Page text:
Credit Counseling Agencies

As more people experience financial difficulties, the Attorney General’s Office is hearing from an increasing number of consumers who are having problems with credit counseling agencies and debt negotiators. Consumers complain that some organizations charge large upfront fees, push them into bogus debt management plans, or fail to provide any financial education. We have also received complaints about companies that claim they will pay a consumer’s creditors on behalf of the consumer, but instead disappear with the consumer’s money, leaving the consumer deeper in debt.

The debt services industry includes a variety of nonprofit and for-profit organizations that advertise they can reduce, eliminate, or settle your unsecured debt. Ultimately, however, credit counseling or debt settlement is not a quick fix to your financial problems, and no company can honestly claim that it can make you debt free overnight.

If you need help lowering your debt, creating a budget, or learning how to manage your finances, credit counseling agencies offer one possible option. However, before you sign up with a credit counseling agency, do your research and consider the following:


Idaho law requires credit counseling agencies to obtain a license from the Department of Finance. Never seek assistance from an unlicensed counselor. Most agencies that advertise on the Internet and on television are not licensed. Go to the Department’s website at to check an agency’s license status.

Range of Services and Qualifications

Look for a credit counseling agency that offers a range of services, including financial education classes and ongoing support. Find a counselor who will review your finances with you in person and help you develop an individual plan to address your immediate problems and prevent future difficulties. Avoid agencies that you cannot meet with face-to-face. Talking over the telephone or chatting on the Internet may be more comfortable for you, but it will not provide the needed one-on-one interaction.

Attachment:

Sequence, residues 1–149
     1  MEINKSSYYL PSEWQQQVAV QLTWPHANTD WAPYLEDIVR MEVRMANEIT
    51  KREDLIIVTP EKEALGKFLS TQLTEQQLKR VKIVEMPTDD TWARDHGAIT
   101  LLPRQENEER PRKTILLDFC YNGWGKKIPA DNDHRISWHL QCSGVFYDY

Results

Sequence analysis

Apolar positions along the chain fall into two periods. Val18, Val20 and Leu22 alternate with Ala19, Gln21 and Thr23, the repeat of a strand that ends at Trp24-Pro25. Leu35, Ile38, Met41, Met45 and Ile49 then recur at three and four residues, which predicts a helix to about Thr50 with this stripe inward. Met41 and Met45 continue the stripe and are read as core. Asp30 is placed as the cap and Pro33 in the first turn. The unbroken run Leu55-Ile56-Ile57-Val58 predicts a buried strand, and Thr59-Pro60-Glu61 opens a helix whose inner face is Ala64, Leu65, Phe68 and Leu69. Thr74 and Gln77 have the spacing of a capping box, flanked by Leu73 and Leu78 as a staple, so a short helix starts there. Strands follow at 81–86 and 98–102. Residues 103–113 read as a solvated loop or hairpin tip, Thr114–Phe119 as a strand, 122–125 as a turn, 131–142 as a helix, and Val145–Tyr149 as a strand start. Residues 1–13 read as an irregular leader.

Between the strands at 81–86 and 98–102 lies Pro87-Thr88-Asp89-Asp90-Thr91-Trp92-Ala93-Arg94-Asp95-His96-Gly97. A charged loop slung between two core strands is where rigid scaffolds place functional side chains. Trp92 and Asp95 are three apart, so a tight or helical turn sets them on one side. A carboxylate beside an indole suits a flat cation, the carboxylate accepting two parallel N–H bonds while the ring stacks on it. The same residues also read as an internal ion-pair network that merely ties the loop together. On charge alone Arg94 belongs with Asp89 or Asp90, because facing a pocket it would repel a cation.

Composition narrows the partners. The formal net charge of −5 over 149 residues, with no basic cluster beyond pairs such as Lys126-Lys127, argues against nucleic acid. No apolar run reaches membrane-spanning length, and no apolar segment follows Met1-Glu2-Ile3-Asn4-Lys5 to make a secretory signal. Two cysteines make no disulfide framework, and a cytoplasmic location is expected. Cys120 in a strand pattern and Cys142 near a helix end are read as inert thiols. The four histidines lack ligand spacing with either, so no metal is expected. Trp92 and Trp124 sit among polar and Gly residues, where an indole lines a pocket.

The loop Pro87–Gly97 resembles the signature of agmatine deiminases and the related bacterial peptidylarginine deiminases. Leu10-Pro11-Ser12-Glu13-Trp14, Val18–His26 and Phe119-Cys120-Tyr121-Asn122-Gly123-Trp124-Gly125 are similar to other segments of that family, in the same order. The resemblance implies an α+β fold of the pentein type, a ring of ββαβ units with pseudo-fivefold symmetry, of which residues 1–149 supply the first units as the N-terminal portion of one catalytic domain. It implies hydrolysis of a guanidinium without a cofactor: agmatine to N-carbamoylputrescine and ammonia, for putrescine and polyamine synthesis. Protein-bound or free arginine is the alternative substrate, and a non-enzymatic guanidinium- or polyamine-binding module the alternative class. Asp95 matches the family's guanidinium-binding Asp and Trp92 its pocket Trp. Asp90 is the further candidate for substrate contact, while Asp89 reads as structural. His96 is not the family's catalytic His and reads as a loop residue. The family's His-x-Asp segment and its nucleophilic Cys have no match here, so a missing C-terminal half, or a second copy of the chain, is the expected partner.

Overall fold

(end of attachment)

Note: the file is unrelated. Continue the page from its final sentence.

Some credit counseling agencies are affiliated with creditors. Find an organization with counselors who are trained by independent organizations that are unrelated to creditors.

Written Contracts

Never commit to anything over the telephone. Get all promises in writing and read all documents before you sign them. If someone says you must “act immediately,” he or she is lying. It never hurts to consult with a trusted relative or friend about important matters like this. Your best friend might have objective insight that you don’t.


Two types of credit counselors operate in Idaho: (1) nonprofit; and (2) for-profit. Nonprofit credit counselors charge less for their services, making them the better choice for obtaining assistance.
For-profit credit counseling agencies charge a fee for their services and sometimes pay commissions to their employees based on the number of clients they sign up. Before you hire a for-profit agency, get detailed information in writing about all fees you will have to pay and when you will have to pay the fees. If you can’t afford the fees, ask the agency to waive or reduce them.

Do not agree to a plan that requires you to pay any fees before your debt is settled or reduced. A Federal Trade Commission rule prohibits such advance fees by for-profit agencies that sell debt relief services over the telephone. The rule also applies when the consumer calls the company in response to debt relief advertising.